The two original stories do not really add anything new to Sin City. In one, Joseph Gordon-Levitt plays Johnny – a gambler who never loses, who has his sights set on the ever powerful Senator Roark (Powers Boothe). He wants to humiliate Roark, for personal reasons that eventually become clear. Gordon-Levitt is a fine actor, and he has already proven he handle noir dialogue in Brick, but here he is pretty much indistinguishable from the other male heroes in Sin City – who are basically as violent as the male villains, but have some sort of code. The second original story, which is intercut with the Gordon-Levitt segment, is about Nancy (Jessica Alba) – the stripper from the first movie, still in love with Hartigan (Bruce Willis) – the cop who saved her and then committed suicide to protect her (Willis shows up here, as a ghost – and I kept waiting for him to talk to Haley Joel Osment). Nancy has gone on a downward spiral, and also has her sights set on Roark – the man whose son Hartigan had to save her from twice. Alba has never been the best actress, but as in the first film, she`s a hell of a dancer, and she leaves an impression when she`s on stage – when she`s off though, she doesn’t make Nancy`s fall all that convincing – and that`s necessary, since Nancy was always the one ray of hope in the series that had none. Her downfall makes a dark series darker – yet the movie fails to make that hit as hard as it should.

Rodriguez and Miller basically shoot the movie exactly the same way they shot the original Sin City – but this time in 3-D. On the 3-D, I cannot say that I really even noticed it – even the usual complaint I have about 3-D that it makes everything unnecessarily dark, didn’t happen this time, since the majority of the film is in black and white anyway. But I don’t see much of a point in the 3-D either – it may not detract from the film, but it doesn’t add much either. I will say I still do like the overall visual look of Sin City though – with its dark black, bright whites and bold streaks of color. It looks like a film noir on crack, which is what they are going for.

But the visuals cannot save Sin City: A Dame to Kill For from being a rather dull exercise. This is a movie full of beheadings, gunfights, fist fights, a crazy doctor played by Christopher Lloyd, a heavily made up grotesque Stacy Keach and a lot of beautiful naked or nearly naked women – and yet for the most part, I was bored watching film. It doesn’t have the sense of danger the first film had and the series has lost the power to shock and surprise. It isn’t horrible film – but it is an unnecessary one.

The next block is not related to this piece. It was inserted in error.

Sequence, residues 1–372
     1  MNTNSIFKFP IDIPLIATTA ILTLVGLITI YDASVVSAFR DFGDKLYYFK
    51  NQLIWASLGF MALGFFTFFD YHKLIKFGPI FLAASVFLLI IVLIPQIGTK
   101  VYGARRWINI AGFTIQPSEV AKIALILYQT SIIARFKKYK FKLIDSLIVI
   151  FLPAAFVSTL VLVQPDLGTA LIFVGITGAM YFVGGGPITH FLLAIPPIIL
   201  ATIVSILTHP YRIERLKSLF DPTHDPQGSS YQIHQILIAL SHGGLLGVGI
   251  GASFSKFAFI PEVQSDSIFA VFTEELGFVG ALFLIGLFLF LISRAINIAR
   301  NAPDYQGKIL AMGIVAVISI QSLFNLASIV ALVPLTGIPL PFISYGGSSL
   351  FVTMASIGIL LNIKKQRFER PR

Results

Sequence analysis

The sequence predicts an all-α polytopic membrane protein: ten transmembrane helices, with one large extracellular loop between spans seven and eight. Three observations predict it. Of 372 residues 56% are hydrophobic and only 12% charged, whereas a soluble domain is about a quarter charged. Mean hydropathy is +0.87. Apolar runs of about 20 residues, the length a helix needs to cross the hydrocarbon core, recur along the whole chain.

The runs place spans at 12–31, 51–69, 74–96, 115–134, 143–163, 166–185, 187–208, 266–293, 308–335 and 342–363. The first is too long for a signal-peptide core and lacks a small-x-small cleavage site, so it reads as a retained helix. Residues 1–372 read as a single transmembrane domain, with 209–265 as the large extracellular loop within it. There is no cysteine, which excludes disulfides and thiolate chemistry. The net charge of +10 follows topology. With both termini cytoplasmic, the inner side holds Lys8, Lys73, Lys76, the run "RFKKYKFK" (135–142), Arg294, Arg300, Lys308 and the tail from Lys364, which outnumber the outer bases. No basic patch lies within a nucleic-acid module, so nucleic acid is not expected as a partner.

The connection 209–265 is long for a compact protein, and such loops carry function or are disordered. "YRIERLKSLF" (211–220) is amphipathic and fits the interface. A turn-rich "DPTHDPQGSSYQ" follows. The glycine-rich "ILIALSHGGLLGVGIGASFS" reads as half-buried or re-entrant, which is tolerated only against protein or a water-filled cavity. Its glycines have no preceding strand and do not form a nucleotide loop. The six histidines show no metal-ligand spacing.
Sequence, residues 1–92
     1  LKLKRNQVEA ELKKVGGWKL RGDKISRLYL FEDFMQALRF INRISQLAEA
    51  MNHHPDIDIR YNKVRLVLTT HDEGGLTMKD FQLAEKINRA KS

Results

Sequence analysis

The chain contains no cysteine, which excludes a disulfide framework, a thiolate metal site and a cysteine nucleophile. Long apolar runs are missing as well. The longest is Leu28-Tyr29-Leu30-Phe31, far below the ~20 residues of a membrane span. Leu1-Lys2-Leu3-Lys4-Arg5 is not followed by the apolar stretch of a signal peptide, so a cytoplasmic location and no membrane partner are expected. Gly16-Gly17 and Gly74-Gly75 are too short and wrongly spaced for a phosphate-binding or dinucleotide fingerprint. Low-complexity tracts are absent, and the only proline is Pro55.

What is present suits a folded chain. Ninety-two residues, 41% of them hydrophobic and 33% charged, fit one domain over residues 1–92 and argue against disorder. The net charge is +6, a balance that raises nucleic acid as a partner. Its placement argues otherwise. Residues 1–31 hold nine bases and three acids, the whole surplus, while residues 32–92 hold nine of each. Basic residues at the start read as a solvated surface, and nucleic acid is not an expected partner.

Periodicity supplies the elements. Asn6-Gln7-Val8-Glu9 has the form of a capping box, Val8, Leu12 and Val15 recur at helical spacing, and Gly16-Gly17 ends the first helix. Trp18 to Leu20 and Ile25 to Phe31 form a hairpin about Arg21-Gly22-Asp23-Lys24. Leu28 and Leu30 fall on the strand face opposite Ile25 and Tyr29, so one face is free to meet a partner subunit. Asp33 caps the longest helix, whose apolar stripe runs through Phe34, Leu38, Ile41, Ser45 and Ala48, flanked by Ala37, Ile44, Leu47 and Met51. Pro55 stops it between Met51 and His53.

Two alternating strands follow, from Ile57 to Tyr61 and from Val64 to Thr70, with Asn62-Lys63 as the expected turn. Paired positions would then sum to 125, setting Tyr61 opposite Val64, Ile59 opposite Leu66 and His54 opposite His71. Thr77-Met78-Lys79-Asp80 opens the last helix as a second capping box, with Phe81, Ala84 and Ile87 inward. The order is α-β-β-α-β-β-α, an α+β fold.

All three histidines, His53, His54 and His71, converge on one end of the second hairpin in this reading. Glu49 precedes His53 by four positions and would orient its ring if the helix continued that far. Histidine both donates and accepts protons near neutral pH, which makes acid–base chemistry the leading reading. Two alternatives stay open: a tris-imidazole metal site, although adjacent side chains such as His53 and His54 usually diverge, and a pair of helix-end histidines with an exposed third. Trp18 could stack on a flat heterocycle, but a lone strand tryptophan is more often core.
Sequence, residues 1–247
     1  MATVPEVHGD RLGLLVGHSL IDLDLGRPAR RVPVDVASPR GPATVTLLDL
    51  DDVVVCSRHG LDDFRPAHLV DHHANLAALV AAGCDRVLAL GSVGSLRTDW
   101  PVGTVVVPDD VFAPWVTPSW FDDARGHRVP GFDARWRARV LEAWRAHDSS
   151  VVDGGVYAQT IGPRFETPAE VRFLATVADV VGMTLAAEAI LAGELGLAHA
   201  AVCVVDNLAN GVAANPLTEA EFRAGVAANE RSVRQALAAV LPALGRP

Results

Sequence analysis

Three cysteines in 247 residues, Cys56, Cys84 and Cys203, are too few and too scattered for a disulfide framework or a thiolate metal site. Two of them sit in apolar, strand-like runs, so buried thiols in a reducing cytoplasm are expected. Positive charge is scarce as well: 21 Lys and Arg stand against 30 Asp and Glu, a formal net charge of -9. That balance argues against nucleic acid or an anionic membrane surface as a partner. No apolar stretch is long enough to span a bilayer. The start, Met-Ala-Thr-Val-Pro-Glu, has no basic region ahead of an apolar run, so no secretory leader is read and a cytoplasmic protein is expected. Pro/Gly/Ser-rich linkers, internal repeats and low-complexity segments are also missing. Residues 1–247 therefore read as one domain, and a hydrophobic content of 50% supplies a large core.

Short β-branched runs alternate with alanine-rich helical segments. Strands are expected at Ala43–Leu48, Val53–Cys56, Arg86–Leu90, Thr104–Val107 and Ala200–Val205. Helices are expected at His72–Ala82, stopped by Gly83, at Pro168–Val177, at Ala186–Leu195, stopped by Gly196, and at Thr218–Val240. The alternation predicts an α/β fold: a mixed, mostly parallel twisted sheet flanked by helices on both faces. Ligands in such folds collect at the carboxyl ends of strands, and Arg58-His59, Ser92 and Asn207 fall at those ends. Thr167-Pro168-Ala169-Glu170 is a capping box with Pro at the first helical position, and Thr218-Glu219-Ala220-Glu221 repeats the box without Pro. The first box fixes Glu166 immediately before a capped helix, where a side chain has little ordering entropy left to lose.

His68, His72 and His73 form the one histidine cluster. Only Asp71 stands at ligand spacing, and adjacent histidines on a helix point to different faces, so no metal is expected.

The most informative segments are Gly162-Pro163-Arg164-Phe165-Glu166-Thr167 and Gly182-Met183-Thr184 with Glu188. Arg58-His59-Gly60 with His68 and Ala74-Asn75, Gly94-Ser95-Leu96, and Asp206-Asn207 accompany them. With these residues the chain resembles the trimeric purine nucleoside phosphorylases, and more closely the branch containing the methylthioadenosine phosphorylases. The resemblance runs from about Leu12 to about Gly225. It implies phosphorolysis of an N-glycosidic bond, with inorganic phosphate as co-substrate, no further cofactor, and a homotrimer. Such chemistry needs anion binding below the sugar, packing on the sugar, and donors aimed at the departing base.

Movie Review: Some Velvet Morning

Some Velvet Morning
Directed by: Neil LaBute.
Written by: Neil LaBute.
Starring: Stanley Tucci (Fred), Alice Eve (Velvet).

There was a time in the late 1990s and early 2000s that I felt that Neil LaBute may become one of the best American filmmakers of his generation. His In the Company of Men (1997) and Your Friends and Neighbors (1998) are both brilliant, cruel examinations of the harm men (and in the later, women) do to each other. They are tough, cynical and darkly hilarious. His Nurse Betty (2000) was a departure – a strange comedy – but was just as good. But I don’t think he`s made a great film since then. Perhaps it’s because he stopped writing the movies, or tried to go too mainstream when he did. LaBute, who got his start as a playwright continued to write plays in his trademark style, but in terms of his film work the last film of his that felt like a "typical" LaBute film was 2003`s The Shape of Things (based on one of his plays) – which I liked, but didn’t love as I thought Rachel Weisz screwed up the lead role. Last year`s Some Velvet Morning then is a welcome return to form for LaBute – at least partially. It`s still nowhere near as good as those first two films – but at least it feels like a the work of the same filmmaker who made them.

Some Velvet Morning is not based on one of LaBute's plays – although it wouldn’t surprise me to learn that LaBute originally did write it with the stage in mind. The entire movie is set in one location – a house – and has just two characters in it. Fred (Stanley Tucci) shows up on the doorstep of Velvet (Alice Eve) – with all his worldly belongings. He tells her he has finally left his wife, and his ready to move in with her. This, even though, the two broke up four years ago, haven’t seen each other, and Velvet is an upscale prostitute. She tells him she doesn’t love him anymore, doesn’t want him anymore, and wants him to leave the house. She has to go meet a client, and doesn’t want to keep him waiting. And the client may well be Fred`s adult son – the one who introduced the two in the first place. Fred refuses to leave – and this starts an 84 minute argument between the two of them, where Fred lets forth with a litany of misogyny, and Velvet responds in kind – even if she cannot quite keep up with the cruelty of Fred.